It’s time to reflect on the events of 2019. Once again, it’s been another busy year for Earth expansion and palaeogravity.
The Royal Society of London made Dr. Hugh Owen’s 1976 paper, Continental displacement and expansion of the Earth during the Mesozoic and Cenozoic, available on their web site. It was free of charge and a great new addition to Earth expansion resources. Of course Hugh made many of his Expanding Earth Diagrams freely available last year to allow full scientific study.
The anomalous position of the Zodiac Fan, which simply shouldn’t exist according to standard Plate Tectonic theory, continued to intrigue me. More detail was added to my palaeographic maps and another anomalous sediment system, the Meiji Fan, was also added. Marie Tharp’s map, clearly showing the Zodiac Fan System, was also investigated. All this was explored in a YouTube video.
Dr James Maxlow’s new book appeared on Google Books and I took the opportunity to add a review.
David de Histler uploaded a YouTube video pinpointing exactly why Dr James Maxlow’s new book is the next major advance for Plate Tectonics, making it a must read for all young geologists.
One video chat included the Growing Earth mechanism of Eugene Ellis.
There was interesting article about a huge meteor exploding over the Bering Sea last December – apparently without anyone noticing.
I published another new palaeogravity calculation. This time it was based on the bone strength of everyone’s favourite dinosaur Tyrannosaurus rex. This proved to be a very popular article with 239 “reads” on Research Gate alone towards the end of the year.
There was something interesting on Twitter: One of the proposed causal mechanisms for the mass increase for Earth expansion is cosmic rays. Most are so small and fast we don’t see them but here’s one recorded by chance. Apparently 1,000s of these pass unnoticed through our bodies every second. An article (free pdf) discussing the concept of mass increase by neutrinos, had appeared in the Journal of Geology & Geophysics in 2015.
I posted on Facebook about a cheap (~£3) second hand copy of the book, Biogeography in a Changing World, available on Amazon UK – usually about £40! It has a chapter about Earth expansion by Dennis McCarthy and the cover art is by Neal Adams. It was promptly snapped up by David Nicholls – surely a bargain!
AbeBooks UK began listing James Maxlow’s new book.
The discovery of another supergiant mammal was announced. This one lived about 23 million years ago.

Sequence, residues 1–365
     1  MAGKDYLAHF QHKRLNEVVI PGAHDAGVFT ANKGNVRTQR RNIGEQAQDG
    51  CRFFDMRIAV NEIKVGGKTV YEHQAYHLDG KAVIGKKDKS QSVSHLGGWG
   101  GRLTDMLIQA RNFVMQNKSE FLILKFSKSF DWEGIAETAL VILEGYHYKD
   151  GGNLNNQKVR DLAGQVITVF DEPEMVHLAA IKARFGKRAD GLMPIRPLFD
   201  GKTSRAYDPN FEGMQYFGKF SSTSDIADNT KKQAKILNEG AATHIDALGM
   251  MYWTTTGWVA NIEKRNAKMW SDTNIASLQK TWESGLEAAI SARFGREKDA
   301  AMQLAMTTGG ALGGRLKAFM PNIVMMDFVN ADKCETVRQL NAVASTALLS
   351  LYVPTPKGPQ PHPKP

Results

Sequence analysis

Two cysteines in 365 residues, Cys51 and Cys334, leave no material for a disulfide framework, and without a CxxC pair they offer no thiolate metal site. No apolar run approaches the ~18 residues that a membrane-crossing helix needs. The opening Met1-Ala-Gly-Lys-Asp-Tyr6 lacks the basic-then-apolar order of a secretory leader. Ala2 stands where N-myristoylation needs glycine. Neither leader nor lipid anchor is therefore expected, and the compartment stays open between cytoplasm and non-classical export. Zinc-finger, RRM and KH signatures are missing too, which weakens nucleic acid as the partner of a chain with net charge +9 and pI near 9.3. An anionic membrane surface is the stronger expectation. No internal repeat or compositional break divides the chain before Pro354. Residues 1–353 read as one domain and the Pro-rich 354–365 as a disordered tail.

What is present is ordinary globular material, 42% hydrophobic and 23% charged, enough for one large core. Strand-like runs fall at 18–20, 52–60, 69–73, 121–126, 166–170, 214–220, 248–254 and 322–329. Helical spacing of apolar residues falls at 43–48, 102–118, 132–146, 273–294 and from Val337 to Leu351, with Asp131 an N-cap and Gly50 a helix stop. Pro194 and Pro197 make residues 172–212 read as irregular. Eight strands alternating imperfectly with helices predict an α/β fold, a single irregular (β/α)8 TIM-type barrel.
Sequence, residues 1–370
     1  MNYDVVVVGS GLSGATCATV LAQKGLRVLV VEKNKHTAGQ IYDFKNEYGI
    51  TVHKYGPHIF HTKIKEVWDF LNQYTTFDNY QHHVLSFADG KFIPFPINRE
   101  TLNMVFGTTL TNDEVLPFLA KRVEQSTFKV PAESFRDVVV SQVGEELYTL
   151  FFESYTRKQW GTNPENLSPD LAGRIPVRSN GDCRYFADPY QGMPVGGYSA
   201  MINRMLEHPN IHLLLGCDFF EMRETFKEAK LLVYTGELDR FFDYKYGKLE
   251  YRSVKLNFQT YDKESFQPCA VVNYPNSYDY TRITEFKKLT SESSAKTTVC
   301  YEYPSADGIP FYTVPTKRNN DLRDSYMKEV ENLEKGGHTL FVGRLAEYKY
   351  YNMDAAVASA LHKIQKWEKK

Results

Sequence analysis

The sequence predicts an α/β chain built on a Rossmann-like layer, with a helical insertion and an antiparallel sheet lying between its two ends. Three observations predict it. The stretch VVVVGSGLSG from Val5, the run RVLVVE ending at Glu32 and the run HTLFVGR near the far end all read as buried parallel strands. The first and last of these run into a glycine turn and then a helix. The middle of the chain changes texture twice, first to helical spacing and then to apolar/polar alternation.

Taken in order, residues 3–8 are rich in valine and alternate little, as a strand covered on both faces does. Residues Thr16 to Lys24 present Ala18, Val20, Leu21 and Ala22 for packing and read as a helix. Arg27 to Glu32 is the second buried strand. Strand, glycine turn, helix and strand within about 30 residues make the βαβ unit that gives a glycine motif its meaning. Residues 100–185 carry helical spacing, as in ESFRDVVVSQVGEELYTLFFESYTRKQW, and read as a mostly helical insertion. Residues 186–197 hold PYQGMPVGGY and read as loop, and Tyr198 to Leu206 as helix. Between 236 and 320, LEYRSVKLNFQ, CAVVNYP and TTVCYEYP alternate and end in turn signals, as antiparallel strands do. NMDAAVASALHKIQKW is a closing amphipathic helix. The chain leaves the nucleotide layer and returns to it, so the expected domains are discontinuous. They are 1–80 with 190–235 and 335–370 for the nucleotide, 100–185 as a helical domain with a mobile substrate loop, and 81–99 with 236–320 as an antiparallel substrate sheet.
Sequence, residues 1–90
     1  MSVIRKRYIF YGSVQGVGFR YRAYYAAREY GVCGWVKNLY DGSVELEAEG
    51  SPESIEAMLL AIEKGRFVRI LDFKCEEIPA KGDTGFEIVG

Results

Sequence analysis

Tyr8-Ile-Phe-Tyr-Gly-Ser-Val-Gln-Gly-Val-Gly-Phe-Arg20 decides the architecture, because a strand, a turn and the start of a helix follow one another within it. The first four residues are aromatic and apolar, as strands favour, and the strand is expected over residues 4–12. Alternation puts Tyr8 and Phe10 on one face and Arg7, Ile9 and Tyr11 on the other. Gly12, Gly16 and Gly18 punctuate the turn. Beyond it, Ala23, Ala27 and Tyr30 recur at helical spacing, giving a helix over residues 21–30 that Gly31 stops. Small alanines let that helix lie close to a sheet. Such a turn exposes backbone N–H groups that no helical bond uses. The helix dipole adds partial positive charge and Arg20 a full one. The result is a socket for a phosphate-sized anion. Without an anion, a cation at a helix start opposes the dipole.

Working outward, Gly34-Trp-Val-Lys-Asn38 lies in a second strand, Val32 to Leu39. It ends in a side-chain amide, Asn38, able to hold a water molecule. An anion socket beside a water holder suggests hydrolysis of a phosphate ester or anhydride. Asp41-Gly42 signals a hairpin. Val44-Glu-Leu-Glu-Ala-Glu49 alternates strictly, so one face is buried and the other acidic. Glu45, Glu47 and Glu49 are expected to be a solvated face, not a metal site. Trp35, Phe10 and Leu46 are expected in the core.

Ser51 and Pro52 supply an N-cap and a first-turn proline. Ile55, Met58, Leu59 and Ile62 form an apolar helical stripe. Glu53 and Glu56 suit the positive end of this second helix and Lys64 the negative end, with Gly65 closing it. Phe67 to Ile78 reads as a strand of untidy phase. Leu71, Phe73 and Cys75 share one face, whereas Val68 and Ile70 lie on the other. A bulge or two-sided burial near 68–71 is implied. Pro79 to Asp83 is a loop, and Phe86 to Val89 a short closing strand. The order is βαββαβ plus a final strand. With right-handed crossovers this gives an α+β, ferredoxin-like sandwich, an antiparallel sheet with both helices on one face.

Nasa announced they will soon be able to start mapping the interior of Mars via their new seismic detectors. My question: “Does Earth expansion predict anything about the interior of Mars that will be surprising or different from conventional theories?” began a small discussion on Facebook.
The discovery of the largest fossil spider was announced.
The latest evidence published in ScienceDirect indicated that the Earth is expanding now (but only slowly).
I published another palaeogravity calculation. This one was based on the theropod dinosaur Acrocanthosaurus and indicated that gravity was about 0.54% of today’s gravity 113 million years ago. This time my website link proved the most popular method to access the paper with over 142 shares on Facebook.
Quora had some questions about palaeogravity so I provided answers: (1) Was the gravity pull lower when the dinosaurs roamed Earth? (my answer) (2) Has anyone thought that there was weaker gravity during the dinosaur periods, which explains the size of them and other creatures? (my answer)
ScienceWoke, an online Science Magazine for Critical Thinkers, republished my thoughts about Gravity Limits on the Scale of Life.
I published another new palaeogravity calculation for one of the most ancient dinosaurs, Coelophysis. They were among the first dinosaurs to evolve, about 210 million years ago, but became surprisingly well known when over a hundred skeletons were discovered in a substantial fossil ‘graveyard’. I used just two fossil skeletons to calculate palaeogravity at that time.
Another new paper appeared on Research Gate: The phenomenon of subduction is incompatible with Earth’s surface geometry and geomorphology.
A review of the Expanding Earth concept appeared in China: The Idea of Earth Expansion under the Theory of Plate Tectonics: A Historical Perspective And Literature Review. Only the abstract is in English.
For my next palaeogravity calculation I looked at the gigantic bird-like dinosaur Gigantoraptor, only recently discovered in China.
Prof. S. Warren Carey’s Expanding Earth video was translated to Spanish.